After early sallies from Christopher Hogwood et al, by the 1990s performances on period instruments (gut strings, valveless horns, woodwind with an agreeable ‘edge’) had become the norm. Roger Norrington, conducting the London Classical Players, starts as he means to go on, with a fast, tense Molto allegro underpinned by agitatissimo divided violas. From the wailing oboes and bassoons on the theme’s repeat, Norrington seizes every opportunity to stress the dissonant potential of the unblended period woodwind. The conductor has his own ideas on articulation and accentuation; and at his blithe tempo the little ‘flicking’ figures that pepper the Andante become charmingly decorative – a preview here of the airy trio for the Three Boys in Act 2 of Die Zauberflöte.

Released at the same time as Norrington’s version (despite having been recorded two years earlier), John Eliot Gardiner directs an equally fiery but more ‘central’ performance founded on a larger (or so it sounds) body of strings. Both conductors generate a fine fury in the developments of the two Allegros, propelled by splenetic divided violins. I love the way Gardiner encourages the horns to let rip in the first movement’s recapitulation. Differences between the two conductors are sharpest in the middle movements. At 13'53" to Norrington’s 12'08" (including both repeats), Gardiner’s Andante has breadth and gravitas. Similarly, while Norrington’s third movement, foreshadowing Rattle’s, becomes an incontinent scherzo, Gardiner’s exudes a defiant toughness. There’s room for both.

Trevor Pinnock, with The English Concert, is hardly less fiery in the outer movements but allows more room for lyrical grace. This is a natural, unaffected performance, combining light, precise articulation with a care for the singing line and inner detail. There are no quirks, no exaggerations. Phrases always breathe. The Andante, shaped with gentle flexibility, and the Trio have a chamber-musical intimacy, with the players listening intently and responding to each other.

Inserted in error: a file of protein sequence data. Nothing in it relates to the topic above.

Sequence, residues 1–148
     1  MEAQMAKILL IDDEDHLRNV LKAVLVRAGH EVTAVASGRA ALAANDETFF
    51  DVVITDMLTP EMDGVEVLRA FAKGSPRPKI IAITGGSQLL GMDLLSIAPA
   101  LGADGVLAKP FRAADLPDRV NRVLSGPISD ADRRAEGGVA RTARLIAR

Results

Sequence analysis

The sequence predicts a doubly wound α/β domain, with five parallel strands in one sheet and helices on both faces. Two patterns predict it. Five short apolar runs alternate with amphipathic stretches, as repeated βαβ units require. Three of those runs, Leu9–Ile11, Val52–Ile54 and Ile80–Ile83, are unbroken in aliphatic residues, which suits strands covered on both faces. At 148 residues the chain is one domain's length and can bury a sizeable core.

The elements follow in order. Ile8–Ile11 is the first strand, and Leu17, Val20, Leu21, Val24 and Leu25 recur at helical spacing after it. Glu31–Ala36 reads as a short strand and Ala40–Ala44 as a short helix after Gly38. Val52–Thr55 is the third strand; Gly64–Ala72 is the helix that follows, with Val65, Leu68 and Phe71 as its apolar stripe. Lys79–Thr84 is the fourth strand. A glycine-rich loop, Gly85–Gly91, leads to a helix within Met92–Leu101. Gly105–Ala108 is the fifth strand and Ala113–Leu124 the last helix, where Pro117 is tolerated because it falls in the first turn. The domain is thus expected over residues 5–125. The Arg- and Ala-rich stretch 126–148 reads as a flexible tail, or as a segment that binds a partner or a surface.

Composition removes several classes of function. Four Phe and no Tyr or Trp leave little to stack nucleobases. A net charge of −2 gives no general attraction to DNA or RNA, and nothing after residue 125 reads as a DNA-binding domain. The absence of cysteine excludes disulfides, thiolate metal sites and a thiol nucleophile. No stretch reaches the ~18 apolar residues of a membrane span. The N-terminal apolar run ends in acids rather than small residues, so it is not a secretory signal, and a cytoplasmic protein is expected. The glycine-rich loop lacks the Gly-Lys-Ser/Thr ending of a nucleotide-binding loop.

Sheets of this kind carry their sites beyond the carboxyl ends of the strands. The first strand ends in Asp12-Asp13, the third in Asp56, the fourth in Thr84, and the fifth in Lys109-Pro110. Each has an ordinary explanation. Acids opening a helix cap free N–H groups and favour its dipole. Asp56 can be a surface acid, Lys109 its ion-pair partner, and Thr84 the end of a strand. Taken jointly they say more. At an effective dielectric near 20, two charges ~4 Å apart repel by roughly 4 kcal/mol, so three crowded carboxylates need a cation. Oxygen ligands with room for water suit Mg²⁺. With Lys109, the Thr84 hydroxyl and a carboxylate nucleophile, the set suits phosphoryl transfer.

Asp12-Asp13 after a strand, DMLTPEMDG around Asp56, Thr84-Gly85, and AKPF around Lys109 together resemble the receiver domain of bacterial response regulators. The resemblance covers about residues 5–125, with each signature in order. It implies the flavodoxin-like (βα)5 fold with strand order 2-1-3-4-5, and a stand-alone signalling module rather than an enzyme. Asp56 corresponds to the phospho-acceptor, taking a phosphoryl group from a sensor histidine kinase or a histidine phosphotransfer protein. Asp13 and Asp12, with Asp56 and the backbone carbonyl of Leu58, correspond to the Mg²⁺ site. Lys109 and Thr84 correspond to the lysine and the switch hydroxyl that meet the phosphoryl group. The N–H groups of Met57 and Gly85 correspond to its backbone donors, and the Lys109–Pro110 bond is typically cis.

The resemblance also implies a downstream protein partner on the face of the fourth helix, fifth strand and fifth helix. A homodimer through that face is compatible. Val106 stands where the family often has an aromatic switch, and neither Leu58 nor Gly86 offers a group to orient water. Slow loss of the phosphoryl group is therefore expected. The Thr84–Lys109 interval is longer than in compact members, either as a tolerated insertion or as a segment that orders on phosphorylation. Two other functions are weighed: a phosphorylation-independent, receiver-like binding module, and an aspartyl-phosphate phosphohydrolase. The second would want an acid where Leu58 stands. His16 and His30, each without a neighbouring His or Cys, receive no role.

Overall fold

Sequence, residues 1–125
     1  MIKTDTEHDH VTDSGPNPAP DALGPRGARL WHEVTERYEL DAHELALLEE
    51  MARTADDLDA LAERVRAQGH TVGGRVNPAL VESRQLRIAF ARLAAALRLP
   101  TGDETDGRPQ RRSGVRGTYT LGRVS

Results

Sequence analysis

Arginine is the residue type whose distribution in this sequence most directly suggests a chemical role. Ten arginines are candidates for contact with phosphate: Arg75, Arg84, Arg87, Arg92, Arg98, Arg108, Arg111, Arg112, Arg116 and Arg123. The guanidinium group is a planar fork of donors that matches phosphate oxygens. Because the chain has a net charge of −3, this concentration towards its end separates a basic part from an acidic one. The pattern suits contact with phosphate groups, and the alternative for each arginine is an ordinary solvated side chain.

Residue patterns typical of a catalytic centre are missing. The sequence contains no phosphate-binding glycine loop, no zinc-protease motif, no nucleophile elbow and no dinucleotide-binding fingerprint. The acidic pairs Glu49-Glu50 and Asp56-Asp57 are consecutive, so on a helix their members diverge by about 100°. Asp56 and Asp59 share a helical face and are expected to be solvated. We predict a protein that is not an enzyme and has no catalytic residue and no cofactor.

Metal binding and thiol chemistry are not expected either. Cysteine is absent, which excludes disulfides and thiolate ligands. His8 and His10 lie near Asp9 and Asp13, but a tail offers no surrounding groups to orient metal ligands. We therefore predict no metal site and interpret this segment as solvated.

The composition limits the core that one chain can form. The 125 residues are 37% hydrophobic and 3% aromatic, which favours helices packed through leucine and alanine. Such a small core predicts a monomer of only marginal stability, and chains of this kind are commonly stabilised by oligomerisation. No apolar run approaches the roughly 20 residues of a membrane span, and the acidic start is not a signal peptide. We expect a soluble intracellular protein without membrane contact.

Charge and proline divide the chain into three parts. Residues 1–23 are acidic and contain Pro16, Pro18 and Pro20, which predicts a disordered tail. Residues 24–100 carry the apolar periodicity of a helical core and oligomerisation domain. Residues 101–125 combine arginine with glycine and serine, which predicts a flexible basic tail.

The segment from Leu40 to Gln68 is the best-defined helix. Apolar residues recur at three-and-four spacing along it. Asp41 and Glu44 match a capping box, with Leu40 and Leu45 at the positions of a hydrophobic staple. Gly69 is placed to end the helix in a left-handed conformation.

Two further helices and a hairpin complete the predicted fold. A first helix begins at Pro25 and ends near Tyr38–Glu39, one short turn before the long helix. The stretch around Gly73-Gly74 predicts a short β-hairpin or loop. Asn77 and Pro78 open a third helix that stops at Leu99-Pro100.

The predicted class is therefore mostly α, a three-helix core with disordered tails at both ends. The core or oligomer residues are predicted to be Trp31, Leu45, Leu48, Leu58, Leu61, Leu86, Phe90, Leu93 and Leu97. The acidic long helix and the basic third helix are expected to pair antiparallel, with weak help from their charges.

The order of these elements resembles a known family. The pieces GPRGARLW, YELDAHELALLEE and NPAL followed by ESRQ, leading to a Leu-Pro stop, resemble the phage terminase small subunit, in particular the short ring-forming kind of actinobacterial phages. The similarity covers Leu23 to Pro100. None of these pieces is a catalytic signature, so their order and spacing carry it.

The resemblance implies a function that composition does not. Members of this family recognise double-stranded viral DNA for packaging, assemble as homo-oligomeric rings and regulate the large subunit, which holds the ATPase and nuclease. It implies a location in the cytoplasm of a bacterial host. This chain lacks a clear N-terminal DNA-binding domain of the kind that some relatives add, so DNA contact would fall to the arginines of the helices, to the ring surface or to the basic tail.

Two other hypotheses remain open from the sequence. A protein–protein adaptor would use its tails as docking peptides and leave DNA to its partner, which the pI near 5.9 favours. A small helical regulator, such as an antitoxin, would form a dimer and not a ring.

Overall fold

Like Norrington’s, Pinnock’s ensemble numbers around 35. We know that Mozart relished larger forces when he could get them. So we can guess he would have approved of Marc Minkowski’s band, based on 12, rather than eight, first violins. More than the three fine British period performances, Minkowski tends to go for extremes, whether in the ultra-fragile pianissimos in the Andante (rather touching) or the contrast between the frenetic Minuet-scherzo and the slower, lovingly phrased Trio. The symphony opens with subdued tension at the fastest possible tempo; after an added pause Minkowski slows for the second theme, then tears into the development. It’s exciting, but can become a bit of a scramble.

From the barely controlled impetuosity of the opening, René Jacobs’s performance with the superlative Freiburg Baroque Orchestra likewise mines extremes of ferocity and delicacy. He goes further than Minkowski in his tempo tweaks, whether lingering at the opening of the first movement’s development or drifting into reverie before the return of the Andante’s main theme. Jacobs observes all possible repeats, and, crucially, uses them to further the symphonic drama. His idiosyncrasies can illuminate or (say, in the sudden unprovoked forte on the repeat of the Trio) irritate, according to taste. But there is no hint of routine. If you want a demonstration that Mozart’s instrumental music is opera by other means, here it is.

Like Pinnock, Frans Brüggen, 2010 vintage, combines expressive phrasing with minimal flexing of the pulse. While not quite immaculate, the playing of his Orchestra of the Eighteenth Century is always alive, full of individual nuances and colours. The flute-led woodwind scream out against the rebarbative string counterpoint in the finale’s development – a thrilling moment. Mystifyingly, though, Brüggen ditches both repeats here and in the easily paced Andante.